Ghazal #2

With them, I break my animal trail,
Canoe scrapes treelight for creeks.

Words dam rivers,  
Comets rise to feed.

I breathe like them,
Airholes stars have pricked.

Having passed under it all,
A world’s run over with me, 

Migrant island boats steeped with spruce,
My boots choke on the taste of clay.

Blazes are the eyes of steppingstones.
I see perfectly when they come to me.

Today

A drive to another city.
Getting lost in a forest.
Your stillness
in the grass.
Birds again.  
Sumac
in your
hair.

A River Passing

This is the way
you must look to birds,
nothing but a breeze.

Which rounds the hand,
loosens fingers’ memory,
how in your hair they digress.

To the other life
behind the trees,
overhead, a river passing.

Poem to a deer

There is an apple orchard that leans against a crest,
A shadow of a road

The horses from the barn sometimes wander there,
Scenting fruit

Breaking branches on the dull horizons of their backs,
The chase of scrub light

Mixing with you,
Loving where you take us

Wading into trees, marvellous in the thickets of wind,
To bring back

The appetite of anger
The hunger for forgiveness

To love as these crabbed branches, their clenched dark fists,
Ached in compositions of lightning

We long to join you
Your likeness to us

Though we wary of your appearances,
Vanishing in all your countless directions,

Tear-aways between the thrashed exits apple trees make
Grown too heavy, our lives unpicked in the divots of your poems,

The sky urging branches to be its roots
To go further, to leap back

And land, momentless, upon an untouchable earth.

First Day of Spring

Are you the lake of two rivers
and, melting, is this the river speaking
for the light?
Is highway 60 ok with
your beauty?
What I mean to say is,
is your face breaking apart
across the car’s Tamarack glass,
opening up like
the womb of a moose
taken down by wolves on
the first day of Spring,
already pregnant with sun
and ice and asphalt.

Rivers Again

Every word requires a second language.
For example, there is no word for beauty,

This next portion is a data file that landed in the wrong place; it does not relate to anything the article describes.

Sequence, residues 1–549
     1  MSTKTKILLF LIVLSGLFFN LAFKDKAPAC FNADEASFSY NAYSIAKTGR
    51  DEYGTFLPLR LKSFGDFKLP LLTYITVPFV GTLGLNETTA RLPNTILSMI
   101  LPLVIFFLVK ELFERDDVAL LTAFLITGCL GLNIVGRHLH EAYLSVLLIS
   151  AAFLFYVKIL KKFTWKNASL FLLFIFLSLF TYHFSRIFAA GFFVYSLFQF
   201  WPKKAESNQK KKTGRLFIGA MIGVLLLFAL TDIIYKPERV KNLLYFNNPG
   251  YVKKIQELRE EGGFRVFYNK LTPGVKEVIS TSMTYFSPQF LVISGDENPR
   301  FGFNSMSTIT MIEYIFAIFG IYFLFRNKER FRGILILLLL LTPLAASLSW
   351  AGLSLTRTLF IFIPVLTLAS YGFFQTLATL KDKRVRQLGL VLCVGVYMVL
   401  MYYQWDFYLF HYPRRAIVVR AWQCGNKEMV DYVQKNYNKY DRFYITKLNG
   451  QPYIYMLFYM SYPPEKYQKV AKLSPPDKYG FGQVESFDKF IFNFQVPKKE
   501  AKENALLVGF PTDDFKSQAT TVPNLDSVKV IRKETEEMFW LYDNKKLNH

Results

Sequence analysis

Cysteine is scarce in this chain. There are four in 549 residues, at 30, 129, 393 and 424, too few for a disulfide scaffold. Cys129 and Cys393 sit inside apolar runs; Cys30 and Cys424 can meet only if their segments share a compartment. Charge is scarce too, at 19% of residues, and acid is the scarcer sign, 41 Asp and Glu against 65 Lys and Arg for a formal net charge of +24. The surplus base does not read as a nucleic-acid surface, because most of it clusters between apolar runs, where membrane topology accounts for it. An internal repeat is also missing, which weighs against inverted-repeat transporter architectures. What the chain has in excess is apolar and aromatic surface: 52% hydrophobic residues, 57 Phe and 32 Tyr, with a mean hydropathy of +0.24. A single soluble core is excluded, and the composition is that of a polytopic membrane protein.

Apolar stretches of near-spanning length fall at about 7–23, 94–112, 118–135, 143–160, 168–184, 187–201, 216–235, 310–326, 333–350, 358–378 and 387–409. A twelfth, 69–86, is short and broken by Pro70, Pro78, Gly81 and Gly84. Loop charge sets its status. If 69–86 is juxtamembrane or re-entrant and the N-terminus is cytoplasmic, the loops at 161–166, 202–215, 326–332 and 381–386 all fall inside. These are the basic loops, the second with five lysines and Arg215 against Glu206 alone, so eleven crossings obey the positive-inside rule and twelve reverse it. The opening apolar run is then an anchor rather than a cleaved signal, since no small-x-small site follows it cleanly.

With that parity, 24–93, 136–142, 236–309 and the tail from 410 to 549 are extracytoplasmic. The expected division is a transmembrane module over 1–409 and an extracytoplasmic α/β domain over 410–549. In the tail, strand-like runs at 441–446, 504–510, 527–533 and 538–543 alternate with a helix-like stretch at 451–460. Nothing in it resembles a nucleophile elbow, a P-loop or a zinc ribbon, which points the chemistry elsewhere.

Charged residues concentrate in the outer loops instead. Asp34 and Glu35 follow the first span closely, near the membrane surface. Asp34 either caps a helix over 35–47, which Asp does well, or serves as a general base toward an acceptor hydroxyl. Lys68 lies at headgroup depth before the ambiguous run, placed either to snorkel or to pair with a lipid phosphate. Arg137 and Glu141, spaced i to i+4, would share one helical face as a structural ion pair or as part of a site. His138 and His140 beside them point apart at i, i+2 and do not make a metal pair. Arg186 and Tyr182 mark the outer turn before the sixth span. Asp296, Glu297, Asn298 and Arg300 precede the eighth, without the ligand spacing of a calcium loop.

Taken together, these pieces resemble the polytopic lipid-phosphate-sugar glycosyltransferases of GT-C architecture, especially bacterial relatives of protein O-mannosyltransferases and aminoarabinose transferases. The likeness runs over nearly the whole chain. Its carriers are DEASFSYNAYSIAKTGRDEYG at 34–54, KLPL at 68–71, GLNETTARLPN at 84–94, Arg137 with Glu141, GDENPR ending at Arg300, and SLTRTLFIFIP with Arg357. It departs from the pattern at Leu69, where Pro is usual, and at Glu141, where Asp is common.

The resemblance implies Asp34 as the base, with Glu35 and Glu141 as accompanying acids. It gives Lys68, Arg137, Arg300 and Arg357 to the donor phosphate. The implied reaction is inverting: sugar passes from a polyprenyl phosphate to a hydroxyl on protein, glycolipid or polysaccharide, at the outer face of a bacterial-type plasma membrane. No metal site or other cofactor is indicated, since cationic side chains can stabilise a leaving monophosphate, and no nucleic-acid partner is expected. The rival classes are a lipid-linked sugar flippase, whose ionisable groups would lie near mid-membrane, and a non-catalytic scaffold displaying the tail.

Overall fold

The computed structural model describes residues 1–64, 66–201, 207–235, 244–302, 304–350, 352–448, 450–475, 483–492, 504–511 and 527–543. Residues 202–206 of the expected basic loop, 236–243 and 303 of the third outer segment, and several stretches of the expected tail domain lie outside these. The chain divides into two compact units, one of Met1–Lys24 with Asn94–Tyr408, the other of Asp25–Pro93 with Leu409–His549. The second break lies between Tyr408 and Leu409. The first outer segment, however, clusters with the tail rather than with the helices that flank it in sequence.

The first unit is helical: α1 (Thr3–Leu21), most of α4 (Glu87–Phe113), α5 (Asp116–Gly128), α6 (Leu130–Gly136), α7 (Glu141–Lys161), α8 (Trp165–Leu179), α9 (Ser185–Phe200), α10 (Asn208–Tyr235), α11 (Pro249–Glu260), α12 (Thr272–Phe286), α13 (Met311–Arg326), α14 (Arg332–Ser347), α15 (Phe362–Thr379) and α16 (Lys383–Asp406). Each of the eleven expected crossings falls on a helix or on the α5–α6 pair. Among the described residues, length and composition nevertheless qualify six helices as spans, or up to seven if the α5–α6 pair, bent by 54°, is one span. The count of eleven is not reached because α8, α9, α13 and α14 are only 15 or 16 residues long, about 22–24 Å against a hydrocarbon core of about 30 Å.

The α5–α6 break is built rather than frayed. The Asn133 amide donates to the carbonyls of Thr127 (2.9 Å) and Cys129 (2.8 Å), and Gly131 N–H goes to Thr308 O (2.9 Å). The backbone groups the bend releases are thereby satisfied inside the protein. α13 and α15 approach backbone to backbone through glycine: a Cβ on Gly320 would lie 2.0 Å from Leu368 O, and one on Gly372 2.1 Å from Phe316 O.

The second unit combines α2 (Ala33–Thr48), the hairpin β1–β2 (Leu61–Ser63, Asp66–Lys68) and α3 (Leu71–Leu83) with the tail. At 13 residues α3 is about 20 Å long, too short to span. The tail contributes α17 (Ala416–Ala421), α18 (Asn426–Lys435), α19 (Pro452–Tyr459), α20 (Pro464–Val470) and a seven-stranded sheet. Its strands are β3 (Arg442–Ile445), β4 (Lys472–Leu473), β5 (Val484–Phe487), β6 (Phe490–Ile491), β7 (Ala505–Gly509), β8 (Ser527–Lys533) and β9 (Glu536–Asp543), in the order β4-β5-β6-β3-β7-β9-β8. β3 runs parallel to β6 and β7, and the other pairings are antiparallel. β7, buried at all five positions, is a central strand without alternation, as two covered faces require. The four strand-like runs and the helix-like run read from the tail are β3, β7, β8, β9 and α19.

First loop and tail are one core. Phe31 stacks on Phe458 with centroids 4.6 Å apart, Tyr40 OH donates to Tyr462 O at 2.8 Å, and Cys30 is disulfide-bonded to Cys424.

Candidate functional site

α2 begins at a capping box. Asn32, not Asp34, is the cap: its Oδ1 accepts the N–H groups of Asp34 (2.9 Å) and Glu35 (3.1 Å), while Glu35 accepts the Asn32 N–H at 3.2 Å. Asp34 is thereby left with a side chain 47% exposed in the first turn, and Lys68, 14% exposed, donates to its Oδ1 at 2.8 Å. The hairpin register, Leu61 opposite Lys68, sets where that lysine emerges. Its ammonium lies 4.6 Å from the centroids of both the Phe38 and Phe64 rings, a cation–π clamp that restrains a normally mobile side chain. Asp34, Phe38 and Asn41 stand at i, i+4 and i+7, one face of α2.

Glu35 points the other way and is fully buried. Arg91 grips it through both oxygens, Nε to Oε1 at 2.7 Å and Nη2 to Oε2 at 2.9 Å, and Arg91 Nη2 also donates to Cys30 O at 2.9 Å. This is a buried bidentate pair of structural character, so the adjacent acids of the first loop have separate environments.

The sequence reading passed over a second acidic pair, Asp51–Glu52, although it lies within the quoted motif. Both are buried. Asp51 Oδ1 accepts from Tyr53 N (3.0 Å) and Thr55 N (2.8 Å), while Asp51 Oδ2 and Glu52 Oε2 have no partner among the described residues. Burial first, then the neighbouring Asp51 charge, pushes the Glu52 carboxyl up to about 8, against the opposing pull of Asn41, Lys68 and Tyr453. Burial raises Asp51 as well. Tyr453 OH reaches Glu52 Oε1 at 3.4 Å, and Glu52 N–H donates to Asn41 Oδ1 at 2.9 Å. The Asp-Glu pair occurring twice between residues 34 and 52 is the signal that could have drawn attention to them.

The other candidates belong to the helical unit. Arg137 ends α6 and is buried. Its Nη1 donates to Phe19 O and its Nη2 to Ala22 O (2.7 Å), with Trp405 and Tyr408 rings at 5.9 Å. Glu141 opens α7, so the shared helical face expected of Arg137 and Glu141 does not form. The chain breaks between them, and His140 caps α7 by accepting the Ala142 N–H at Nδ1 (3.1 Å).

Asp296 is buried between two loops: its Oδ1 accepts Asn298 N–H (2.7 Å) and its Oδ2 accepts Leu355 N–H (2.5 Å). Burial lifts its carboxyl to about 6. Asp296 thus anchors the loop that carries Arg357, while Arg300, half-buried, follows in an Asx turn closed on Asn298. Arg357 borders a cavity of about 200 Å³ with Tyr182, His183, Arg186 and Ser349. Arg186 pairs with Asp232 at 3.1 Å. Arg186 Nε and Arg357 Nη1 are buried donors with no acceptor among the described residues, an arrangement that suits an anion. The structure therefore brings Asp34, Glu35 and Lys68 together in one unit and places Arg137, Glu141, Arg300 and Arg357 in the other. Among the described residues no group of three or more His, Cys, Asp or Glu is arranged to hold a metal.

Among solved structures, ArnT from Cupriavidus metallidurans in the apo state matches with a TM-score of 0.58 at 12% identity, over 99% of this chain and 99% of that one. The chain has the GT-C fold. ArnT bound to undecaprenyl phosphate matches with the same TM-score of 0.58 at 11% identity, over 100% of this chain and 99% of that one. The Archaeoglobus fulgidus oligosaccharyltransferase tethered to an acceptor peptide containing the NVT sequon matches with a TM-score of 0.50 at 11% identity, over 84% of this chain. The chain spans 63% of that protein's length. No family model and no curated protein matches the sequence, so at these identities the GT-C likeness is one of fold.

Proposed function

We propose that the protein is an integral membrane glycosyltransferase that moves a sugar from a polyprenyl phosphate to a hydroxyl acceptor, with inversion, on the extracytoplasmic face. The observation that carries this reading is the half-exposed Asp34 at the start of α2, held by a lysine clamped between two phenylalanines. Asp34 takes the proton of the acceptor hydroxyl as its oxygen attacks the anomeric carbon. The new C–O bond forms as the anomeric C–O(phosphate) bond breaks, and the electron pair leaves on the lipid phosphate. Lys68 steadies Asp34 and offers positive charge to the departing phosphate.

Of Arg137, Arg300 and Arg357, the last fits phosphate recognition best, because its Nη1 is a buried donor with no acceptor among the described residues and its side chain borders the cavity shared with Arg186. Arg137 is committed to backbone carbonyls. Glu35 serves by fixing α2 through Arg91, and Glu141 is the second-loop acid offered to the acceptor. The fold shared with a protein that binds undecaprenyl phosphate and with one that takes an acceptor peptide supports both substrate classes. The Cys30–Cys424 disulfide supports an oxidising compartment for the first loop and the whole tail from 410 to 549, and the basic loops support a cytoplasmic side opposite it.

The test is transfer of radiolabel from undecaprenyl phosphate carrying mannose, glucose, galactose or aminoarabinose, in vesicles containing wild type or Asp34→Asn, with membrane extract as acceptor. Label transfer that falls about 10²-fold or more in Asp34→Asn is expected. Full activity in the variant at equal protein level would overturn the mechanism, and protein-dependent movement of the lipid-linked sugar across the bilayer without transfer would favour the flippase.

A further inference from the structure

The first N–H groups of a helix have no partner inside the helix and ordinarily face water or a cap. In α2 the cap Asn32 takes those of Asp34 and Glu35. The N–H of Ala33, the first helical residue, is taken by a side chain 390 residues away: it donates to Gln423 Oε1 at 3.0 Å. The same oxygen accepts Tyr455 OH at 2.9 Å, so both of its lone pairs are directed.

though rivers are stories
about love, the plot of rafts,
I saw, glued-together by summer’d
Tamarack reflections
under a winter’d disfigured bruise.
Of this language,
rivers are clear about this:
only bodies swim.
Only a body holds a promised land.
Only bodies drown, holy
as the river reiterating the river,
the blood, succinct, inside the wine.

Small Brightness

All you were ever good for was going
on and on,
arriving in between
neither
here nor there,
legs always knowing
the way
to turn stone into the shape
of motion,
to hunt, to close in on,
to step into
the place of distance stationed
the eyes,
and to rest beside
the star-freckled nakedness
of a river, or tamarack,
which talk in their sleep,
guessing you will wake
to start again,
to blink into
the small brightness of a fire
that is always
haunted with hope,
a head, forever,
full of hunger.

Chukuni River

This morning he sees the river
he has not seen,
because the river swirls
as to sew tatters of thoughts
into shimmering rags of
memory, memory
inside-out of memory,
the way the river combs
the landscape that palms it
so the landscape becomes the body
of its direction
and the limbs
of its intent, the way the land,
it seems to him, comes to love
the mind of the river.

Winterless

I am fifty this year,
after Christmas, the late buds
assemble their small hooves
in the wind of the dead season.
The Mennonites with their black horses do not walk
out into the uncovered fields,
or step over their roots tarred in muddy flesh.
We cannot love whom we must,
yet cannot imagine another;
the earth is wrong for this place.

Tourists

It looks like it’s me,

this yellow couch

in this window of particle and light.

Can we be sure

or do we confuse certainty

with things that stay?

When I hear you call my name

like a lighthouse,

like a shaft of dust in sun,

does that bring us nearer

to an answer,

or to that bluff

we’d never perfectly pronounce,

the capital of emptiness,

that place we’d see, sometimes,

up above the bay?